Why set all speakers to small?

Why set all speakers to small?

In the realm of home audio systems, configuring speaker settings can be as intricate as tuning a musical instrument. One particular recommendation that often raises eyebrows is the practice of setting all speakers to “small” in audio receivers and processors. In this article, we will explore the rationale behind this approach, examining the benefits and considerations that make setting all speakers to small a strategic move for achieving optimal audio performance in many home theater and stereo setups.

  1. Understanding the “Small” Setting:

    The “small” setting in audio configurations refers to the crossover frequency, a point at which the receiver redirects low-frequency signals from the main speakers to a dedicated subwoofer. Contrary to its name, the setting isn’t about the physical size of the speakers but rather the frequency range they handle effectively.

  2. Managing Bass Distribution:

    One of the primary reasons for setting all speakers to small is the effective management of bass distribution. By directing low-frequency signals to a dedicated subwoofer, the system can reproduce deep bass more efficiently. This is especially beneficial in home theater setups, where a powerful and dedicated subwoofer can handle low-frequency effects, providing a more immersive and impactful audio experience.

  3. Relieving Main Speakers:

    Full-range speakers, while capable of producing a wide frequency spectrum, can struggle with the demands of reproducing deep bass. Setting speakers to small allows the main speakers to focus on midrange and high-frequency signals, relieving them of the burden of handling demanding low-frequency content. This often results in clearer and more detailed audio reproduction from the main speakers.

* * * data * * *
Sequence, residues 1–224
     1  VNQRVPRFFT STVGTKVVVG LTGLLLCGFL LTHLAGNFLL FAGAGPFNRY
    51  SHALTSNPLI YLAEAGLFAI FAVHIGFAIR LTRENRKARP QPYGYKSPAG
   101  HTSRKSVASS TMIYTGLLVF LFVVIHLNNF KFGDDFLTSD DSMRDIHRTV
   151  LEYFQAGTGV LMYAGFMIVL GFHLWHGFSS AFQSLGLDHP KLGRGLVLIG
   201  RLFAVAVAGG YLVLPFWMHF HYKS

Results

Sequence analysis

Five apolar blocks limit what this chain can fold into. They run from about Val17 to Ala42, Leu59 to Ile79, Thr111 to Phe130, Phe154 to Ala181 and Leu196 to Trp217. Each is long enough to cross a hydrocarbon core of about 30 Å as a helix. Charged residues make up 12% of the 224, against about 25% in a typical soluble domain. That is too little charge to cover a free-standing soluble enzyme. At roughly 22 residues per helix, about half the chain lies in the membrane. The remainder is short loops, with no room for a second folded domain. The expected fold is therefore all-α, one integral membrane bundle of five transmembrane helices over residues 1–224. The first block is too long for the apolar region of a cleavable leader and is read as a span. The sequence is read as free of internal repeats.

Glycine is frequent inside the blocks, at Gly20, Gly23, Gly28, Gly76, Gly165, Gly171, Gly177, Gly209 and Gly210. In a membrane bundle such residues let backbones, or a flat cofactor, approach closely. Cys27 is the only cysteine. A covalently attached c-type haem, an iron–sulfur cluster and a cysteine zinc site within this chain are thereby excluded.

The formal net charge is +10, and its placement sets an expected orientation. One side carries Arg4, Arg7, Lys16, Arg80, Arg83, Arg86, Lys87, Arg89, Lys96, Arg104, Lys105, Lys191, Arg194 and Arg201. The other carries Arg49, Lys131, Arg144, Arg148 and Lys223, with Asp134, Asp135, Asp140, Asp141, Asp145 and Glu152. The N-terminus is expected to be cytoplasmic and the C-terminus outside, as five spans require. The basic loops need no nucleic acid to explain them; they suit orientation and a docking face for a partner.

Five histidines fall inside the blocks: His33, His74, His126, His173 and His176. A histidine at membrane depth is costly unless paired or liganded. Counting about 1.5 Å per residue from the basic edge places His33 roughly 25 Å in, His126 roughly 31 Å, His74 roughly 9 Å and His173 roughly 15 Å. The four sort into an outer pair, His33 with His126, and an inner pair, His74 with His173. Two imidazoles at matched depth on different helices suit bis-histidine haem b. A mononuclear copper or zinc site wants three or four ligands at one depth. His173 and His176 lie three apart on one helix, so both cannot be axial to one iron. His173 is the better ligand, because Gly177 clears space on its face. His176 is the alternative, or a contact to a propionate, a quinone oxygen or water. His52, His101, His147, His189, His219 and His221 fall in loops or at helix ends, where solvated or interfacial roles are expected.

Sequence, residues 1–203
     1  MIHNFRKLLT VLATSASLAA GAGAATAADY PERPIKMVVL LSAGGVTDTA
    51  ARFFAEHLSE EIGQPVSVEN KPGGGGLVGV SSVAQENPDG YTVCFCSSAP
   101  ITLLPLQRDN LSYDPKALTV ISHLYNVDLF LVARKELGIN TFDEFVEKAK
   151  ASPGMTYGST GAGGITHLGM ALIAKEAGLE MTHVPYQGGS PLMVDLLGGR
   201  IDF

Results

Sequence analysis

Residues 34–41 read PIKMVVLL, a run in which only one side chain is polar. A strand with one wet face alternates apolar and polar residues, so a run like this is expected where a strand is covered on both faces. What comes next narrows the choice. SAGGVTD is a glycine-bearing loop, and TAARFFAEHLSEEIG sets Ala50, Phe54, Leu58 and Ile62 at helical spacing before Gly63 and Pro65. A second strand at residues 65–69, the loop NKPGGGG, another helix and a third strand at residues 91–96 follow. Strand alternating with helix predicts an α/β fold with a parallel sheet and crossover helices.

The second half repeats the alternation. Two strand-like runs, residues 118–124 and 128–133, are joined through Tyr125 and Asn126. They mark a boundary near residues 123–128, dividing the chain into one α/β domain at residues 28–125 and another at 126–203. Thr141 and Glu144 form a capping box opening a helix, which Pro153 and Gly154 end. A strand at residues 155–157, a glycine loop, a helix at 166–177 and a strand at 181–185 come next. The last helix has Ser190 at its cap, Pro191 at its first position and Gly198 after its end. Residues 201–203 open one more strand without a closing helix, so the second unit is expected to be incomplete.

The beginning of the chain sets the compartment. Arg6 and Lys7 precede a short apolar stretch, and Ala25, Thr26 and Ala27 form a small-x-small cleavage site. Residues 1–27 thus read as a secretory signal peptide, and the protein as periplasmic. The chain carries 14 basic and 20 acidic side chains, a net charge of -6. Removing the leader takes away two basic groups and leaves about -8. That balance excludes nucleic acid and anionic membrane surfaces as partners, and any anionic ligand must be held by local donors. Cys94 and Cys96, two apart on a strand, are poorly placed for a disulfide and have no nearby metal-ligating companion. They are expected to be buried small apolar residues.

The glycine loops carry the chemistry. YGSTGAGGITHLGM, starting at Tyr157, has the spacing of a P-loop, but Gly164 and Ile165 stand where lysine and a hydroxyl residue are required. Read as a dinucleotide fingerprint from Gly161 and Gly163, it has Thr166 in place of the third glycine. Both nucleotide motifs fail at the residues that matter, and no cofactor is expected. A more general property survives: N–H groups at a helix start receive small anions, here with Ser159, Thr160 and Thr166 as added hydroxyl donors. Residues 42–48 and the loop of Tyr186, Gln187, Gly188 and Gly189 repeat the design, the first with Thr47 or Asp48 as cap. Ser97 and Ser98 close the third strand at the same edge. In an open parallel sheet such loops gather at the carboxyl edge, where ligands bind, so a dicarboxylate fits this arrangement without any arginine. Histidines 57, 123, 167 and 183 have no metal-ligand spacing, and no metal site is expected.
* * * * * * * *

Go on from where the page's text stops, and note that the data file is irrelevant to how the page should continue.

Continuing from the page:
4. Matching Speaker Capabilities:

    In multi-channel audio systems, speakers may vary in their ability to handle low frequencies. Setting all speakers to small ensures that each speaker, regardless of its size, can handle its designated frequency range effectively. This promotes a balanced and harmonious audio presentation, preventing distortion or strain on speakers ill-equipped for deep bass reproduction.

  5. Optimizing Room Acoustics:

    Room acoustics play a crucial role in the overall sound quality of an audio system. By employing a dedicated subwoofer to handle low frequencies, listeners have greater flexibility in optimizing subwoofer placement for ideal bass response. This can be particularly beneficial in addressing room modes and achieving a smoother bass output throughout the listening space.

  6. Enhancing Dynamic Range:

    Setting all speakers to small can enhance the dynamic range of an audio system. By allowing each speaker to focus on its specific frequency range, the system can reproduce both subtle details and powerful transients more effectively. This contributes to a more engaging and lifelike listening experience, especially in scenarios where the audio content features a wide range of dynamics.


While the practice of setting all speakers to small may seem counterintuitive at first, understanding the intricacies of speaker management reveals its merit in achieving optimal audio performance. By strategically redirecting low-frequency signals to dedicated subwoofers and relieving main speakers of bass duties, this approach promotes a balanced, detailed, and immersive listening experience. As enthusiasts navigate the complexities of home audio setup, the consideration of the “small” setting emerges as a valuable tool for achieving sonic harmony in a variety of audio environments.

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